7.3 Utilization of Himawari-8 in the Global Satellite Mapping of Precipitation (GSMaP) Nowcast version

Wednesday, 13 January 2016: 4:30 PM
Room 252/254 ( New Orleans Ernest N. Morial Convention Center)
Misako Kachi, JAXA, Tsukuba-shi, Ibaraki, Japan; and T. Kubota and R. Oki

The Global Satellite Mapping of Precipitation (GSMaP) product is a global rainfall map that is highly accurate, highly frequent, and high-spatial resolution through the development of rain rate retrieval algorithms based on reliable precipitation physical models by using a number of microwave radiometer (imagers, sounders, and imager/sounders) observation data, and comprehensive use of the Precipitation Radar (PR) on board the Tropical Rainfall Measuring Mission (TRMM) satellite. To produce a highly frequent global rainfall map, sampling errors caused by un-observed regions by low-orbital satellites is a problem. The GSMaP project has developed a method to interpolate observations between each microwave imager by utilizing information from the Infrared imagers on board the five geostationary satellites, which are JMA's MTSAT/Himawari satellite, two NOAA's GOES satellites, and EUMETSAT's Meteosat satellites, and achieved production of an hourly global rainfall map in 0.1-degree latitude/longitude grid.

JAXA has provided the near-real-time GSMaP (GSMaP_NRT) product four hours after observation through the “JAXA Global Rainfall Watch” website (http://sharaku.eorc.jaxa.jp/GSMaP/) since 2008 as a prototype of the Global Precipitation Measurement (GPM) mission. To assure near-real-time data availability, the GSMaP_NRT system simplified part of the algorithm and its processing procedure. Therefore, the GSMaP_NRT product gives higher priority to data latency than accuracy. The GSMaP product became one of JAXA products in the GPM mission. The GPM mission consists of TRMM-like satellite, called the GPM Core Observatory, jointly developed by U.S. and Japan and Constellation Satellites that carry microwave radiometers. The GPM mission is an international collaboration to achieve highly accurate and highly frequent global precipitation observations. The GPM Core Observatory was launched on February 28, 2014, while the Constellation Satellites are launched by each partner agency sometime around 2014-2018 to expand observation coverage and increase observation frequency. The GPM-GSMaP product has been released to public since September 2, 2014 via JAXA G-Portal (https://www.gportal.jaxa.jp/), as well as the JAXA Global Rainfall Watch web site.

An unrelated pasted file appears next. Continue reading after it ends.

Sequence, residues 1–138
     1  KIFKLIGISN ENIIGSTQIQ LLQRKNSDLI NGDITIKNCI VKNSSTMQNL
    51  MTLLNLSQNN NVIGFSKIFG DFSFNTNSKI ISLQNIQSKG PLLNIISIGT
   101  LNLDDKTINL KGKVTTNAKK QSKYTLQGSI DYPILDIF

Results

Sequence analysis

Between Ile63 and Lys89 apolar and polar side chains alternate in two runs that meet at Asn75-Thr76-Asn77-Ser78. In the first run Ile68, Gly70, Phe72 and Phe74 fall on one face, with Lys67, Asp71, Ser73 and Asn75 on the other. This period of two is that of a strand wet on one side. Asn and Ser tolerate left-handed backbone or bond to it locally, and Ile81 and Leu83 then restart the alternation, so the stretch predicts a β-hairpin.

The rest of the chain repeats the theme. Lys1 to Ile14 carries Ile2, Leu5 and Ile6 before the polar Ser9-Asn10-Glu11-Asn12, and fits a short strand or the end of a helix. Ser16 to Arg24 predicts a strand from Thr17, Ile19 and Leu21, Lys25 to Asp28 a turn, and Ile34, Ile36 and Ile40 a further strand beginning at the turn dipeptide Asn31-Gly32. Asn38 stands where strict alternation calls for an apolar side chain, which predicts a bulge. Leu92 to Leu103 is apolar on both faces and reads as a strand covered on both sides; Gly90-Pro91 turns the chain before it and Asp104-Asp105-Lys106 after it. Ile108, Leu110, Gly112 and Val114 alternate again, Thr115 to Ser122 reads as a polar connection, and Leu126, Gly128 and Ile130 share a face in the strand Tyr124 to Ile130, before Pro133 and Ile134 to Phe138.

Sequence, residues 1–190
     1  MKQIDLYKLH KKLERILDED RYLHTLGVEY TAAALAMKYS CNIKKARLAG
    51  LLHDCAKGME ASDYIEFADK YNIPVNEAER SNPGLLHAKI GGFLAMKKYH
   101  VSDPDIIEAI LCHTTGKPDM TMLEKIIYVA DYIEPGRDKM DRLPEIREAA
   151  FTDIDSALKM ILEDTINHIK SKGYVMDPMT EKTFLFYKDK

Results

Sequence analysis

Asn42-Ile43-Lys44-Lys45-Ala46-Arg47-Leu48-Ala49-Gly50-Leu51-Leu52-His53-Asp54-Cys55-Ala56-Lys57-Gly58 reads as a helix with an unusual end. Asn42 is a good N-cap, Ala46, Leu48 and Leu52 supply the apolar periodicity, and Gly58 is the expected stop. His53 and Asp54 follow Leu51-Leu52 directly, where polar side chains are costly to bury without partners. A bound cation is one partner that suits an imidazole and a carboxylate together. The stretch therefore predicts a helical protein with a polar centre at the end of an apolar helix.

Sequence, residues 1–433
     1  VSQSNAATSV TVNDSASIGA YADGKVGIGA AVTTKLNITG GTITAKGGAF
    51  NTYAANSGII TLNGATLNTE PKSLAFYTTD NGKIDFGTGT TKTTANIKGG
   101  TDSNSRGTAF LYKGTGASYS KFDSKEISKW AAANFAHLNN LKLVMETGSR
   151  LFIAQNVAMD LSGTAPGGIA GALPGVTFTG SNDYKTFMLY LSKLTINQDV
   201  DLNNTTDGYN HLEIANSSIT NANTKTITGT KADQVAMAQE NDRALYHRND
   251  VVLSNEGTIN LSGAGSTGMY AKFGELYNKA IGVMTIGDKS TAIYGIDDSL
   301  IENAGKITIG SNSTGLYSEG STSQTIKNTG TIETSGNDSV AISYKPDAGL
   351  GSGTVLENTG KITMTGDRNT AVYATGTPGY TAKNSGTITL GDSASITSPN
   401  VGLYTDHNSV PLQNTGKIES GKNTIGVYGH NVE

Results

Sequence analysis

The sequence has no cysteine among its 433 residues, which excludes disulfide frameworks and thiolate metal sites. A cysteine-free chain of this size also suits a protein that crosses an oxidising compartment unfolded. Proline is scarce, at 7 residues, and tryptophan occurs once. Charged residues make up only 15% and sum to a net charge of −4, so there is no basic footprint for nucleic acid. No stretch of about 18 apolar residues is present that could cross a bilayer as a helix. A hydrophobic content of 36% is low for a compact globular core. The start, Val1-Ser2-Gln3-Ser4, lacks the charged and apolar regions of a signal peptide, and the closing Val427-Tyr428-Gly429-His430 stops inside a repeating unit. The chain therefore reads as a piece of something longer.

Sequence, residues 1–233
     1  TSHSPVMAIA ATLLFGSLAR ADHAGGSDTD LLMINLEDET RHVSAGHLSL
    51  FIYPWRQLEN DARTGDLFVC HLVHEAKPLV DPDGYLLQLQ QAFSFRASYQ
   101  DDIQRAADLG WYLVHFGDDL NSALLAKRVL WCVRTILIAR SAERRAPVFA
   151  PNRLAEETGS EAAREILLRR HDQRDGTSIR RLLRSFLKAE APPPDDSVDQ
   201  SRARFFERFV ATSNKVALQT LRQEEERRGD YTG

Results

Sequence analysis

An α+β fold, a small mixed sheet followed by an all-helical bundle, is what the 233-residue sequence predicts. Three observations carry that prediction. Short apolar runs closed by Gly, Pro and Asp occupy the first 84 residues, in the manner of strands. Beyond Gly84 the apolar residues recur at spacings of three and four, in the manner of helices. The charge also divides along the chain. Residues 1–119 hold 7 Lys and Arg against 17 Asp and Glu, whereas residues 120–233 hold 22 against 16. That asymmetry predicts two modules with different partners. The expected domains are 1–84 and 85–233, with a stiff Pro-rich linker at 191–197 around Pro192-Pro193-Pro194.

Since its data release, GSMaP_NRT data has been used by various users for various purposes, such as rainfall monitoring, flood alert and warning, drought monitoring, crop yield forecast, and agricultural insurance. There are, however, several requirements from users for GSMaP improvements not only for accuracy but also specification. Among those requests for data specification, the most popular ones are shortening of data latency time and higher horizontal resolution. To achieve shortening of data latency time, JAXA has developed beta version of GSMaP nowcast version (GSMaP_NOW) product for observation area of the Himawari geostationary satellite since June 18, 2015, and it is being validated by JAXA and related agencies.

After the launch of Himwari-8 satellite, JAXA has received its data since March 2015. The Himawari-8 IR data has been used in the GSMaP_NOW system. The GSMaP_NOW product uses passive microwave radiometer data that is available only within one hour after observation. Addition of extrapolation by using cloud moving vector, which is calculated from Himawari-8/AHI, of one hour forward (toward future) enables us to produce “nowcasting” rainfall map over Asian regions. This “nowcasting” capability enables operational users to apply the GSMaP_NOW data to rainfall monitoring more rapidly, flood alert in smaller basins. We also plan to use the GSMaP_NOW data in the research of crop yield monitoring using satellite data and its early analysis.

Early evaluation result comparing with Japan Meteorological Agency Radar-AMeDAS rainfall analysis (gauge-calibrated ground-based radar map) in 0.25 degree and daily average indicates that the GSMaP_NOW accuracy is slightly lower than that of GSMaP_NRT. For the period from June 11 to July 3, 2015, RMSE and correlation coefficient of GSMaP_NOW are 0.56 mm/hr and 0.76 respectively, while those of GSMaP_NRT are 0.52 and 0.79. At present, The GSMaP_NOW product and its web site will be open to public in the summer of 2015.

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